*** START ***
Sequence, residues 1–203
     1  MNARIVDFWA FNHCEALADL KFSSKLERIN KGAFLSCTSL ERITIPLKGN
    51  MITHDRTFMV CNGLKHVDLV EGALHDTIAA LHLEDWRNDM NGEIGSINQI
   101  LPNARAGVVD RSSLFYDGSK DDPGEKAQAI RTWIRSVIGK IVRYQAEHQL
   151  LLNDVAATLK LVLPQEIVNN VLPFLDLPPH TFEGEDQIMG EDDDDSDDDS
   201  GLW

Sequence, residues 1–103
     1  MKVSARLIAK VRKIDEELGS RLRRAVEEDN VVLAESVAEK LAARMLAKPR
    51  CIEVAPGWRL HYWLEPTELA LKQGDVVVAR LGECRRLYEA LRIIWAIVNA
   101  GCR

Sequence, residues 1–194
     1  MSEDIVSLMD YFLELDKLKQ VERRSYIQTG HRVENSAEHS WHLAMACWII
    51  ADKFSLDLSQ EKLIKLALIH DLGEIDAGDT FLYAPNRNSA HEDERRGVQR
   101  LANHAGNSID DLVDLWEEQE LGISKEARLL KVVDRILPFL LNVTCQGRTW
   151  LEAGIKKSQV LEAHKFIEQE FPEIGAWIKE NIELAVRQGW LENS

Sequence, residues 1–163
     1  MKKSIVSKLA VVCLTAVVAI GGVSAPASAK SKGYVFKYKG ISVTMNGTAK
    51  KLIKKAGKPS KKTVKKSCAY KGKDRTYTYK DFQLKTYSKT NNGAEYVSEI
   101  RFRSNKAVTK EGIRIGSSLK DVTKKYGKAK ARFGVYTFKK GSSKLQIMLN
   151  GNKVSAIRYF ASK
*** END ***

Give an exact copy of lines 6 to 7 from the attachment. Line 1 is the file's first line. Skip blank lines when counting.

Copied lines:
   201  GLW

Sequence, residues 1–103